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There are plenty of future FHA loan applicants who want to know about the possibility of getting an FHA home loan when there is a deed-in-lieu of foreclosure (DIL) action on the applicant’s credit history.

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FHA Loan Articles

News and Updates for Homeowners

Applying for an FHA Loan Following a Deed-In-Lieu of Foreclosure

January 2, 2016 - There are plenty of future FHA loan applicants who want to know about the possibility of getting an FHA home loan when there is a deed-in-lieu of foreclosure (DIL) action on the applicant’s credit history.

One common question in this area involves whether or not a DIL is considered a negative on your credit report. This question most likely arises because of use of a DIL as an alternative to foreclosure. Everyone knows foreclosure is a bad credit issue--is a DIL also a credit negative even when used to avoid foreclosure?

The short answer is yes, a deed-in-lieu is considered a negative on a borrower’s credit report. However, FHA loans do offer some hope for borrowers who have established good credit following the DIL action.

The updated FHA loan rules published in HUD 4000.1 cover the requirements in these circumstances for single-family mortgages applied for after a deed-in-lieu of foreclosure. HUD 4000.1 rules include mandatory waiting times or “seasoning periods”--when can a borrower apply for a new FHA home loan after a deed-in-lieu?

“A Borrower is generally not eligible for a new FHA-insured Mortgage if the Borrower had a foreclosure or a DIL of foreclosure in the three-year period prior to the date of case number assignment.” That’s according to HUD 4000.1.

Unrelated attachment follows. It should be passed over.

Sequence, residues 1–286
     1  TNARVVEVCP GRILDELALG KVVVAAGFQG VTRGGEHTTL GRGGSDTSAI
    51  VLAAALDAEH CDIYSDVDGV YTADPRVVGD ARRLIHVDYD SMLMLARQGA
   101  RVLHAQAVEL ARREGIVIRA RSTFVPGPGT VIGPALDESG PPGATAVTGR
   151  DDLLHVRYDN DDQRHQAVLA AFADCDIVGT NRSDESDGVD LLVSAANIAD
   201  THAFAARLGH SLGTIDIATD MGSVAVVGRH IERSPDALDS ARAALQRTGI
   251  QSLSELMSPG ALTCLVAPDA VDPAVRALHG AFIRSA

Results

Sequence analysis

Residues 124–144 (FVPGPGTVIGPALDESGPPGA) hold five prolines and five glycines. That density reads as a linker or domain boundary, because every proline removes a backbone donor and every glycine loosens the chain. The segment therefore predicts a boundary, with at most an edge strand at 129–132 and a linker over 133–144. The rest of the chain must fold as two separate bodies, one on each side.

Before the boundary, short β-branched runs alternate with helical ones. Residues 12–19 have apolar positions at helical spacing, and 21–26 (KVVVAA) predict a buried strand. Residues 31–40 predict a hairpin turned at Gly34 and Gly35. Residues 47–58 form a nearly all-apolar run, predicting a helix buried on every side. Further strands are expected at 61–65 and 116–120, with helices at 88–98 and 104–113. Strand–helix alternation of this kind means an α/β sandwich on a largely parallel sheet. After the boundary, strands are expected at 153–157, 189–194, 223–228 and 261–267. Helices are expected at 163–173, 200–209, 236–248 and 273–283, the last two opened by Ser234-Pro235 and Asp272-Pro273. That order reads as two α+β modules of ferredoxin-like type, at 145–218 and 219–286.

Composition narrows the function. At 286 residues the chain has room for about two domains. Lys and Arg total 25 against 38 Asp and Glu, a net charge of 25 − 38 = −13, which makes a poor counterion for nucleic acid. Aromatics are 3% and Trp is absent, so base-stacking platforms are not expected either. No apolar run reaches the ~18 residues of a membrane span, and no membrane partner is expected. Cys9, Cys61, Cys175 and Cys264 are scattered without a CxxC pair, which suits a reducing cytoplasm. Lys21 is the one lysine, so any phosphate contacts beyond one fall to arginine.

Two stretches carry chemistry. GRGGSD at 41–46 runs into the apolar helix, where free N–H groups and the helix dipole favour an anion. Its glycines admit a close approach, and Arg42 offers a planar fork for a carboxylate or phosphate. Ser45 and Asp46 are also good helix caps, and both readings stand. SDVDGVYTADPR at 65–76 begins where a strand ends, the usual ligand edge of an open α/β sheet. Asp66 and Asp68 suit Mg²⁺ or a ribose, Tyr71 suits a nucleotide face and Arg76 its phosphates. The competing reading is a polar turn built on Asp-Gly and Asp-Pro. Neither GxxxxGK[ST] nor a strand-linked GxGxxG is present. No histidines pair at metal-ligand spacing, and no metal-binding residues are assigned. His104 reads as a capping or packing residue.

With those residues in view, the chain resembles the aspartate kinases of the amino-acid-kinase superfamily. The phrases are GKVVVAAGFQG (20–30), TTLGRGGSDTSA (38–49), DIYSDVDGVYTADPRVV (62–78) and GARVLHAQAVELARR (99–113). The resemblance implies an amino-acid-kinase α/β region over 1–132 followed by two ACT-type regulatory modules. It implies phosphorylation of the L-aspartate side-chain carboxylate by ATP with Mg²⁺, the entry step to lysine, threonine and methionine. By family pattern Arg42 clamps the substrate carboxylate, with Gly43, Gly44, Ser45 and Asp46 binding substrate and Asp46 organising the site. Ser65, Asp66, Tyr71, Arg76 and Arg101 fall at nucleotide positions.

When does the waiting period begin once a DIL has been started? A three-year mandatory waiting period starts, “on the date of the DIL or the date that the Borrower transferred ownership of the Property to the foreclosing Entity/designee.”

How long it may take to transfer ownership back to the foreclosing entity is an entirely separate issue and it’s one that is not addressed in this section of the FHA loan rulebook.

That is important to remember as it may take longer than expected to transfer the ownership back–something to keep in mind when considering your options. It’s best to allow for extra waiting time in cases where you aren’t sure when the waiting period officially began.

Keep in mind that this ”three year rule” does have some exceptions, according to HUD 4000.1.

“The Mortgagee may grant an exception to the three-year requirement if the foreclosure was the result of documented extenuating circumstances that were beyond the control of the Borrower, such as a serious illness or death of a wage earner, and the Borrower has re-established good credit since the foreclosure.”

Such circumstances are subject to FHA loan rules and lender standards. For example, divorce, and an inability to sell the home prior to a relocation move are not considered under this exception. Your lender will examine each request for an exception on a case-by-case basis.